Breast Cancer: Julie’s Story [video]

Video author: Streaming Well
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Video Transcript

Streaming Well

Julie's Story

I was 35 when I was diagnosed with breast cancer. It's quite unusual to find someone in their mid-30s that has got secondaries. I was just getting ready for a night out. I found a lump in my breast when I was just getting changed. I went to the doctor the next day. He referred me to the breast clinic up at the local hospital. I was seen within 2 weeks, and I was told it was cancer. I had the lump removed and was told I would be having chemo and a course of radiotherapy.

I noticed when I was walking, I got a real bad pain in my left hip, so when I returned for my first chemotherapy session, I mentioned the pain, got X-ray, and was basically told the cancer had actually spread further into my body.

My son was 6 when I was diagnosed. It kept me going at the time. I had to take him to school. Nobody else was going to do it so it didn't matter how poorly I was. He had to go to school. He had to be picked up from school. He has to be fed, otherwise you'd quite happily get back into bed. Pull the duvet over your head. Gordon and Chris have just got me. What will happen to them when I'm not there? I think about that all the time. If I'm not there to cook their dinner or just look after the place, stand between them in the arguments. So yeah, I'm really scared.

Julie has been on a number of treatments. I lost my hair, the second chemo made me very sick. Each treatments do have different side effects. I've been on many different treatments for my bones because obviously with the cancer in your bones, it does weaken them. So you need an extra boost just to keep you going. I've been on tablet based chemotherapy, Unfortunately, it didn't work for me and it made my cancer spread. The one I'm on now is just a straightforward push or injection. Again, the side effects have been really good apart from fatigue which is a major thing with any chemo. But it's not made me sick. It's made my hair go a little bit but not as bad a the first time. So, I can still look normal, so to speak. Quality of life is very important to Julie. When I was on the chemos that made me sick, I just couldn't leave the house. Just to get out for a bit of fresh air is amazing. Not being —-- not throwing up and even your hair—when you've lost your hair, and particularly when you are wearing your bandannas or your wig —-- people automatically think, "What's wrong with her? She is a sick person." I don't choose to look like a sick person.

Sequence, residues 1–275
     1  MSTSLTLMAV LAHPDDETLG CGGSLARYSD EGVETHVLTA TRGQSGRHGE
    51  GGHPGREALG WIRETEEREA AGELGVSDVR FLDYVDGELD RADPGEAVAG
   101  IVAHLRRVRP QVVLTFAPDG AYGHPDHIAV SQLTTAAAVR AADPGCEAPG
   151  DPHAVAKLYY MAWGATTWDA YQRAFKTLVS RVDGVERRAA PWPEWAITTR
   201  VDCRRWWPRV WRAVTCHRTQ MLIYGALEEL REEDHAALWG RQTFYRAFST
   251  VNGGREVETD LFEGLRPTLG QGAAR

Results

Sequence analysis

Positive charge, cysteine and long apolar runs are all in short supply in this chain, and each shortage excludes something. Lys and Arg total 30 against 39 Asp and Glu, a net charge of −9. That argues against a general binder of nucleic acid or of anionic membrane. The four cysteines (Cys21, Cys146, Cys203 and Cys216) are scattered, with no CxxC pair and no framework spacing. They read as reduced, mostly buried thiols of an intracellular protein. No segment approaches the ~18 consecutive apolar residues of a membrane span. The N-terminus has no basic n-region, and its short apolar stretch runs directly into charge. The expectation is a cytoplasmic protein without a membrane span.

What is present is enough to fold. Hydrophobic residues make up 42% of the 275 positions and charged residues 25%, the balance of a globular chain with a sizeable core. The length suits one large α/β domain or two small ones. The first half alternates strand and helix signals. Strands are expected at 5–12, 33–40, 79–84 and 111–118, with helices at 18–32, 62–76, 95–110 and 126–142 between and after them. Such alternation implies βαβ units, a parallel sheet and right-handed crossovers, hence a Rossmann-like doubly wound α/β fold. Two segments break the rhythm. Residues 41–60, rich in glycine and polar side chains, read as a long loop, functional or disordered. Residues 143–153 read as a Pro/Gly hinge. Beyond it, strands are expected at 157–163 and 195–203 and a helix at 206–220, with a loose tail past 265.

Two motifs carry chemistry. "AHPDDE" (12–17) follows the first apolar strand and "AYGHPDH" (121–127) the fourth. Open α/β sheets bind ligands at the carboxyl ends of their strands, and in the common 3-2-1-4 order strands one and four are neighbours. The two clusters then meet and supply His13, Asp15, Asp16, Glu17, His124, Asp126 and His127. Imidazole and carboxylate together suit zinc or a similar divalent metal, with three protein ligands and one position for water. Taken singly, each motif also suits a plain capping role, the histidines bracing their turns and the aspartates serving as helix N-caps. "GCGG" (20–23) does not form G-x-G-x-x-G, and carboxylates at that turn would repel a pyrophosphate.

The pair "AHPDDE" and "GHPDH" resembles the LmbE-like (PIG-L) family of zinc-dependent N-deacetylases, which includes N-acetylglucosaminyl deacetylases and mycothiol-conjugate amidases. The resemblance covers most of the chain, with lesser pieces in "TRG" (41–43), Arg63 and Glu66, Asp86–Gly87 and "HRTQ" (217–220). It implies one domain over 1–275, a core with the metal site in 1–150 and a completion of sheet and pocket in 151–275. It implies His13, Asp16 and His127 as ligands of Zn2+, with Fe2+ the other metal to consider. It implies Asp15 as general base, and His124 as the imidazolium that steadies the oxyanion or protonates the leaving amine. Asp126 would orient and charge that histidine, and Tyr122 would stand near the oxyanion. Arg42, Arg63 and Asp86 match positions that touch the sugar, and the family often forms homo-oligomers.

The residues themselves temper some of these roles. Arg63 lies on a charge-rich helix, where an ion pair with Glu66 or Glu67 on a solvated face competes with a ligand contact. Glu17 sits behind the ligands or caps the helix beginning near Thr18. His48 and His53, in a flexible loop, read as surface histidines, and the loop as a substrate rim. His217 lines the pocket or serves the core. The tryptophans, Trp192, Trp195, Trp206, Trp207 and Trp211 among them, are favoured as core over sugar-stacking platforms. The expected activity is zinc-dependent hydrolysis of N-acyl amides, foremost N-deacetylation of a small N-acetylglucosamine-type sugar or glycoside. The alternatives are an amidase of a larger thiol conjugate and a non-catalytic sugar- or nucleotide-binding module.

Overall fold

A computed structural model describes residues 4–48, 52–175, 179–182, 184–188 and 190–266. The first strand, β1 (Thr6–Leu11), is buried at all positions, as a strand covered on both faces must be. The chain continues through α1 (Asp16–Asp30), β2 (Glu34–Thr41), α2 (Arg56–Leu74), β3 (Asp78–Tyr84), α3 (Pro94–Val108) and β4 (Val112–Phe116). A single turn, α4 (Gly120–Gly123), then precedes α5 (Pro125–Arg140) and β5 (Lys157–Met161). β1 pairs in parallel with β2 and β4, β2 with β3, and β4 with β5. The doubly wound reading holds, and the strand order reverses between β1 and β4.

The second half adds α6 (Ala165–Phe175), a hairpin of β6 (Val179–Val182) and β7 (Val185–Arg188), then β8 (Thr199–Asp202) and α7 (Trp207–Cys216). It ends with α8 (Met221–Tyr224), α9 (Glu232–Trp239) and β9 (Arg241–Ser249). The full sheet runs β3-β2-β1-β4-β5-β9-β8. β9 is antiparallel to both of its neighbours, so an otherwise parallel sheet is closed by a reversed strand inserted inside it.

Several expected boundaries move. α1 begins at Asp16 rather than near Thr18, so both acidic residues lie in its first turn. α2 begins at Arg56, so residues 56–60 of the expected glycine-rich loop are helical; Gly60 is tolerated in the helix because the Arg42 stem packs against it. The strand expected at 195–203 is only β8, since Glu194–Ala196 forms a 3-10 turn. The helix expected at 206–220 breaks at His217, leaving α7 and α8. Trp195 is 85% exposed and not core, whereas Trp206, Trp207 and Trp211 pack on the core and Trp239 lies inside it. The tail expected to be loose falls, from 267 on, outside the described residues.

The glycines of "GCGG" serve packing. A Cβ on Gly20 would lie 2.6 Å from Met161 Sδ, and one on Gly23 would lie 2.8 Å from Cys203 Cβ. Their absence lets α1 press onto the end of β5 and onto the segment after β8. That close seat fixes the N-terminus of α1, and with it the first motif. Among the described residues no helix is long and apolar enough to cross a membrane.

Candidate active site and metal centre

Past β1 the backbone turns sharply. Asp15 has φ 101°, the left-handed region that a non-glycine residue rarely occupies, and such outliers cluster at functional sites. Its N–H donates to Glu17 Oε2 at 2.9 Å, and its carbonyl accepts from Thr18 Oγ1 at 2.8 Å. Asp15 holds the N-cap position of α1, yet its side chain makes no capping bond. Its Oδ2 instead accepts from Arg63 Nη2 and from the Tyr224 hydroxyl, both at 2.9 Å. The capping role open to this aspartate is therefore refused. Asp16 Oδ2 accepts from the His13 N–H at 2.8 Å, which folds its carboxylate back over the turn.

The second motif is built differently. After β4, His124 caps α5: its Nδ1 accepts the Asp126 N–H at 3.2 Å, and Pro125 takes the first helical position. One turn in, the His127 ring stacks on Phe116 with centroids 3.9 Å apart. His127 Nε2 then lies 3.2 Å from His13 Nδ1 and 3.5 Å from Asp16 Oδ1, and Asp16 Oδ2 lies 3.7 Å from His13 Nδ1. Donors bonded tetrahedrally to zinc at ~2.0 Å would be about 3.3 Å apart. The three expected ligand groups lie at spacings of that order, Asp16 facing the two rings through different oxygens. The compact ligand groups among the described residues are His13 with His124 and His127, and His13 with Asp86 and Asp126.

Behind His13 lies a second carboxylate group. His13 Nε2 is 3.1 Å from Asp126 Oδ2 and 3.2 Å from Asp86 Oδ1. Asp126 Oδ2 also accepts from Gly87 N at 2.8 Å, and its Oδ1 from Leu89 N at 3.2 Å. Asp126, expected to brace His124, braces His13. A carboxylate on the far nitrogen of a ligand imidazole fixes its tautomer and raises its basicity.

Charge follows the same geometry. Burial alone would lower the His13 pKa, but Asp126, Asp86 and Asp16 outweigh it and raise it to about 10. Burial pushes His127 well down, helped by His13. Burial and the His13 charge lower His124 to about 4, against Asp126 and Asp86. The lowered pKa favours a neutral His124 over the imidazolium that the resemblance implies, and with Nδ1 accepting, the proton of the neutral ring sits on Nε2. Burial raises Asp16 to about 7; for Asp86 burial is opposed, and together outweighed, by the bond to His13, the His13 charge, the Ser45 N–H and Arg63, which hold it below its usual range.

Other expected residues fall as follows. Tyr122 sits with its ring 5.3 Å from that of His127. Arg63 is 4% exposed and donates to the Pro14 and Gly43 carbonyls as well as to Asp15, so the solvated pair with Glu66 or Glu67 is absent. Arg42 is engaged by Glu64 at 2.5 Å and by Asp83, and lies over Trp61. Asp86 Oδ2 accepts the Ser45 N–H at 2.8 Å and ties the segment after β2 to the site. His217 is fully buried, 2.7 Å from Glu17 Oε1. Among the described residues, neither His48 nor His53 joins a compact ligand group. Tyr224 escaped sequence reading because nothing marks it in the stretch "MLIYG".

Julie is a member of Basingstoke Operatic Society. I love it. I love dressing up and I love performing. You can be somebody different. It's great. Just a couple of hours a week that you can just switch off and do something totally different. Pretend to be somebody else and the cancer and your normal life. It's just gone. Just for a couple of hours. Julie is thankful for her husband's support. We met through a mutual friend at a seventeenth birthday party. So, we've been together ever since. He's been there for me through everything, real supportive and when it's been hard, i mean — I'd go to bed and I could hear him crying downstairs 'cause that's how he'd cope with it. He has always been a real support for me and kept me going. I wouldn't be here without him or Chris to be honest. I just wouldn't be here without them.

Julie's goals for the future. Our 20th is in 2016, so I'd like to go somewhere, even if it's the local church where we got married. Just to renew our vows. It helps to set goals, when it started it was Christopher going to senior school and to achieve that was wonderful. Now it's — he's got 3 more years left at the school, hopefully college, university. I want to see all that. I really do.

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